Miracles
by Nina Housman - Friday, January 10th, 2014

Urgent and essential, sometimes they’re not the same thing.

As I was sitting at home last Tuesday, the day the temperature dropped to 7 degrees with a wind chill making it feel like -20, with the heat turned up wearing fleece pajama bottoms a sweater and a jacket and still feeling a cool draft from the not totally sealed out wind, I found my thoughts drifting to how glad I was to have central heating. Thinking of the video games creator I mentioned in my piece last week who thought the games were the greatest thing since the discovery of fire, I realized how important context is to what we (at least he and I, if not you) think is important, even if we don’t realize it at the time.

At various times I might think movable type, the wheel, antibiotics, or writing is the greatest thing since the discovery of fire (I doubt sliced bread would be one of them despite the once popular expression extolling it). But given the world I inhabited Tuesday which primarily consisted of COLD, once I’d determined I had enough food of some kind (mostly spaghetti and tuna) to sustain me, avoiding COLD was all I cared about.

Somehow, (I don’t know how, my mind works mysteriously even to me) this led me to reflect on how limited we are by our own imaginative lacks and our personal environment. It makes us think the only problem we have currently, in this case COLD, is all there is and the only miracles that matter are the ones that solve it.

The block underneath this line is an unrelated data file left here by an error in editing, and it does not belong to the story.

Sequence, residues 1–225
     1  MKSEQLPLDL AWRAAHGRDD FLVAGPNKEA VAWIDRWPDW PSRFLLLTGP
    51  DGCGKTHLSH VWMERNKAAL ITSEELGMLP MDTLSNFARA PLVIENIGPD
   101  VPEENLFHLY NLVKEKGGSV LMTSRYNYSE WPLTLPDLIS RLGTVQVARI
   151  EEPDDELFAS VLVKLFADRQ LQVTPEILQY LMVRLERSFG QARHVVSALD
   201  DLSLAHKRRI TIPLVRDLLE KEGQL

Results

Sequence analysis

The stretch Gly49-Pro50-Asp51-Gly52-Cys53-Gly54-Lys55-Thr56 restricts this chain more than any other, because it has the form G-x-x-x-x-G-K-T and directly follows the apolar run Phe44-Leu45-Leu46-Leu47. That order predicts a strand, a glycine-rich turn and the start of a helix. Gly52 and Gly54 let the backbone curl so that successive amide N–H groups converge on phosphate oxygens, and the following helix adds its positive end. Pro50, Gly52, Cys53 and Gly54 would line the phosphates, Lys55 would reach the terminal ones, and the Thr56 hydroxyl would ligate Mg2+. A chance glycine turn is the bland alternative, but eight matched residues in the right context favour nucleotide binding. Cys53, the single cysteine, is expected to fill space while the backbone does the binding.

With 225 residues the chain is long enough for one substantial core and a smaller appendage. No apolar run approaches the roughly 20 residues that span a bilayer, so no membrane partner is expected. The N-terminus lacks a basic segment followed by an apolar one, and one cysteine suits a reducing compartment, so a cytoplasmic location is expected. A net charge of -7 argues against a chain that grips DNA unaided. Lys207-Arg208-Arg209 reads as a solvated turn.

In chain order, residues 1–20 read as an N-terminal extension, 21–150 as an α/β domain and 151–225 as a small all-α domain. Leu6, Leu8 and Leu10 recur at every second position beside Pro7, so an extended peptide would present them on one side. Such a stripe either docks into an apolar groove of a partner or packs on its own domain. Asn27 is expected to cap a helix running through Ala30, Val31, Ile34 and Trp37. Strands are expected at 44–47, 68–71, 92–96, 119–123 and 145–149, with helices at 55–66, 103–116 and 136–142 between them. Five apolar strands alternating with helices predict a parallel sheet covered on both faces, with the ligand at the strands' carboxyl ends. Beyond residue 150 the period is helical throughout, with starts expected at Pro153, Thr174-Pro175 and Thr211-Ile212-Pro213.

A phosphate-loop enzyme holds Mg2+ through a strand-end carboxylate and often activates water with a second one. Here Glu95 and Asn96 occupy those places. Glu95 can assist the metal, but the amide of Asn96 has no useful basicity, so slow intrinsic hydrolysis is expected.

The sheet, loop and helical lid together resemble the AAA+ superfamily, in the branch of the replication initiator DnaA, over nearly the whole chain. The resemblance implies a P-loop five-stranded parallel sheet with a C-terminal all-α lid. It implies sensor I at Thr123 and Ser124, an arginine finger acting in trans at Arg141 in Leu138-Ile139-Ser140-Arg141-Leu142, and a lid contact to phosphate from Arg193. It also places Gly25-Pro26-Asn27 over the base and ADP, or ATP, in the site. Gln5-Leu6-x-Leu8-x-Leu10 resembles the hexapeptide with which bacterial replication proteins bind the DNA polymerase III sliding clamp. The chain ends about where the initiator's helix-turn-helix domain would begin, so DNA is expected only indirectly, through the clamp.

Negotiating Reality Nina Housman

MIchael Davis photo

Perhaps these dramatic imperatives- in this case AVOID COLD, although productive of miracles (in this case central heating, hot chocolate and snugly socks) can sometimes blind us to other equally important imperatives affecting other people, other communities or even ourselves if we look at things more broadly. Maybe the COLD we assume is all that matters because it’s all that we see and care about right now is not the only issue to be addressed, maybe not even the most important one, not just for others in different circumstances, but even for ourselves. Staying warm and thinking about COLD are preoccupying me right now. But that preoccupation is, as they used to say, overdetermined, by more than one cause. I know the COLD is a real concern. I also know I’m using it to hide from other less visible but personally vital issues. For me, once the COLD lifts, I have to return to less dramatic long-term concerns: what direction to pursue in my career, how to build fellowship. And I wonder what else I may not be seeing that I or the larger community needs to address because of a natural tendency to focus on what’s right in front of me right now and not necessarily what’s most important for the long-term.

Email Nina Housman directly at nbhousman@gmail.com.

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